Misplaced Outrage

“Outrage Over Police Shooting Dominates Council Meeting”

So reads the headline of the March 26 Voice of OC article on public speakers who voiced their outrage at last week’s  city council meeting.

To recap the shooting:

  • Two probation officers checking up on a parolee, approached three men in broad daylight near the intersection of La Palma and Citron. Two of the three men ran away. One of those was Robert L. Moreno, Jr., a documented gang member and felon with a violent criminal history.
  • While fleeing, Moreno brandished his weapon at a mother and her young children who were getting out of their car, threatening to kill them if they talked to the police.
  • Moreno was hiding behind a trashcan when K9 Bruno (on a 20-foot leash) found him. Moreno opened fire, hitting the dog.

So, the parade of angry speakers at last week’s council meeting were outraged at Moreno’s callous disregard for life, at his threatening an innocent family with death, at firing his weapon at law enforcement officers – right?

Wrong.

They were outraged…at the police.

Remember – Moreno fled from the police. He threatened to kill innocent people. He fired at the police. Moreno hit Bruno but could have hit the officers or innocent bystanders. This was a guy who had just gotten out of prison. A guy whoafter he was tackled during an arrest in 2011, he told a deputy in county jail that he struggled with the officer to get away, and had “even tried to reach for his gun.” When the deputy asked why he tried to grab the gun, Moreno said, “Because if I did get the gun I would have killed him,” according to court records.”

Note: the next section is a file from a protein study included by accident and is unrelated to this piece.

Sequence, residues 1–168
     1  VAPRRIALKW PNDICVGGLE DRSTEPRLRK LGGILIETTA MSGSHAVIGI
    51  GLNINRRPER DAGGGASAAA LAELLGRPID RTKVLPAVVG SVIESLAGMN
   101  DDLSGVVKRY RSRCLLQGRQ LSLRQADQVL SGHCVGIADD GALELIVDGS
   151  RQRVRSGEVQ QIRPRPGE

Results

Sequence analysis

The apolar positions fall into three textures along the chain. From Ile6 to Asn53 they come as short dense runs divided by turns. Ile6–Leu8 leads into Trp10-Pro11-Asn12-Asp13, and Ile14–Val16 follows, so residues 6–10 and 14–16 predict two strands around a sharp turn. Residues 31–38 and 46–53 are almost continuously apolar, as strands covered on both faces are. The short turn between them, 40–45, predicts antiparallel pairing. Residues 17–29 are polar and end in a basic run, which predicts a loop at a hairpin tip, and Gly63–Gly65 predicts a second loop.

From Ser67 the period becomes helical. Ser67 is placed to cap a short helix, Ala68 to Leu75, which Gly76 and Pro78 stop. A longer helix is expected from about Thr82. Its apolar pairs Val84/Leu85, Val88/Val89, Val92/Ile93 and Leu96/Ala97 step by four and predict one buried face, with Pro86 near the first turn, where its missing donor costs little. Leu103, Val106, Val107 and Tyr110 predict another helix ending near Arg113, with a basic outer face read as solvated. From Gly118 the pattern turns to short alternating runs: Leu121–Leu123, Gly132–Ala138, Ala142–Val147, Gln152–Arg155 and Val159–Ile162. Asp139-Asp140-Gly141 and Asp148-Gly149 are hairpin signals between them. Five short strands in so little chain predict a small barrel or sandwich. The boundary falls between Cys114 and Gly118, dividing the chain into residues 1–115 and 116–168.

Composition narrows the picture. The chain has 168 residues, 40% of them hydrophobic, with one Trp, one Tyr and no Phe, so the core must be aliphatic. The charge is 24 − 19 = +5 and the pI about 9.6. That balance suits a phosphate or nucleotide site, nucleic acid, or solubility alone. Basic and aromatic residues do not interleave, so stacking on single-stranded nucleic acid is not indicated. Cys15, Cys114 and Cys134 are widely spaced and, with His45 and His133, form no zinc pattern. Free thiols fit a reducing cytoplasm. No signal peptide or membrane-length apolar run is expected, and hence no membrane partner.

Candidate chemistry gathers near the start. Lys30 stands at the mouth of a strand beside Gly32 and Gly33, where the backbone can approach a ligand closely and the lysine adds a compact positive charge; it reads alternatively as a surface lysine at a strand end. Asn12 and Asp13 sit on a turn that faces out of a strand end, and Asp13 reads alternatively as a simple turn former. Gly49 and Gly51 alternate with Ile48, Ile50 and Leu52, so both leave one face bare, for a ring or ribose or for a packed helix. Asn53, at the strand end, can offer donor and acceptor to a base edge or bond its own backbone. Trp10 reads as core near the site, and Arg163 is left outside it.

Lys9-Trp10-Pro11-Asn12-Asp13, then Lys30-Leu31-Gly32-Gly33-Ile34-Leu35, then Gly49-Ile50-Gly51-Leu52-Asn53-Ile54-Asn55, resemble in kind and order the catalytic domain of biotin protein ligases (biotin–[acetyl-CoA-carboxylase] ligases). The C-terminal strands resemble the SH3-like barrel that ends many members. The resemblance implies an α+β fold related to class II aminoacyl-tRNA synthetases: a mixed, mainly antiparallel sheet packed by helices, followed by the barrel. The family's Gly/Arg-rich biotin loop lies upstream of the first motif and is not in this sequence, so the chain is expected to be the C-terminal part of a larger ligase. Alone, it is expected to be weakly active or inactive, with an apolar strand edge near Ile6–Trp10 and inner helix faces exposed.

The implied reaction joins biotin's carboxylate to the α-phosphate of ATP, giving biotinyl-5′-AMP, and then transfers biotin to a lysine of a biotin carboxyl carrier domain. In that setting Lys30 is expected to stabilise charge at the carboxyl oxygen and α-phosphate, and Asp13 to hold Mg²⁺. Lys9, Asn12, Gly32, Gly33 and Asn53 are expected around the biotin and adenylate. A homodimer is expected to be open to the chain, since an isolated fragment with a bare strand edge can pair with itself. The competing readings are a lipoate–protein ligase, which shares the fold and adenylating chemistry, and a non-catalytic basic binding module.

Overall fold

And yet, in the eyes of those speakers and their sympathizers, the Anaheim police are the bad guys in this incident.

The usual suspects who voice their opinions in these matters have negatively contrasted the outpouring of support for K9 Bruno with what they see as a lack of concern for human life –  in this case, the life of Robert Moreno Jr. The life of a person is worth more than the life of a dog, they complain.

Of course it is. God creates each unique human life in his image. He loves us all equally and desires the salvation of all of us. And He gave us free will to choose between good and evil, and do what we will with the life given to each of us. Lent reminds us that Jesus suffered on the cross and died to ransom everyone from their sins.